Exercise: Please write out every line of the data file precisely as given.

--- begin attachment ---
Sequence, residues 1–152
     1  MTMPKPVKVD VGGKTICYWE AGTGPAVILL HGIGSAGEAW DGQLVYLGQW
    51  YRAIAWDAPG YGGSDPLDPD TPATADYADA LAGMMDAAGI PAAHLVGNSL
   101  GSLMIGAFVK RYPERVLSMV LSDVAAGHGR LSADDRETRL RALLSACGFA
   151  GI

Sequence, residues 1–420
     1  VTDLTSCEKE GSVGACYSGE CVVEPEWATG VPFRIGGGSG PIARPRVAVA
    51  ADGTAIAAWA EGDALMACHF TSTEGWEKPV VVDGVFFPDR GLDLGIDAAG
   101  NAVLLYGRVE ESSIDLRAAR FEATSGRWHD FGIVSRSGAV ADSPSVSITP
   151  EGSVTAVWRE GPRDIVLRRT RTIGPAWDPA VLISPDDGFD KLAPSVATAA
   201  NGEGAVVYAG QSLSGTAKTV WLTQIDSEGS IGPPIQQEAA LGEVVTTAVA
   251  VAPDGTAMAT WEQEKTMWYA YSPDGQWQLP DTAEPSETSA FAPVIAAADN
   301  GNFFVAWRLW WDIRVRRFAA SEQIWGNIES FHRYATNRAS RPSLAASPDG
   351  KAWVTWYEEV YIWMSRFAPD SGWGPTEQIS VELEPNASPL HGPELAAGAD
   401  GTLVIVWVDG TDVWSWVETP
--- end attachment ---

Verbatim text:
Sequence, residues 1–152
     1  MTMPKPVKVD VGGKTICYWE AGTGPAVILL HGIGSAGEAW DGQLVYLGQW
    51  YRAIAWDAPG YGGSDPLDPD TPATADYADA LAGMMDAAGI PAAHLVGNSL
   101  GSLMIGAFVK RYPERVLSMV LSDVAAGHGR LSADDRETRL RALLSACGFA
   151  GI

Sequence, residues 1–420
     1  VTDLTSCEKE GSVGACYSGE CVVEPEWATG VPFRIGGGSG PIARPRVAVA
    51  ADGTAIAAWA EGDALMACHF TSTEGWEKPV VVDGVFFPDR GLDLGIDAAG
   101  NAVLLYGRVE ESSIDLRAAR FEATSGRWHD FGIVSRSGAV ADSPSVSITP
   151  EGSVTAVWRE GPRDIVLRRT RTIGPAWDPA VLISPDDGFD KLAPSVATAA
   201  NGEGAVVYAG QSLSGTAKTV WLTQIDSEGS IGPPIQQEAA LGEVVTTAVA
   251  VAPDGTAMAT WEQEKTMWYA YSPDGQWQLP DTAEPSETSA FAPVIAAADN
   301  GNFFVAWRLW WDIRVRRFAA SEQIWGNIES FHRYATNRAS RPSLAASPDG
   351  KAWVTWYEEV YIWMSRFAPD SGWGPTEQIS VELEPNASPL HGPELAAGAD
   401  GTLVIVWVDG TDVWSWVETP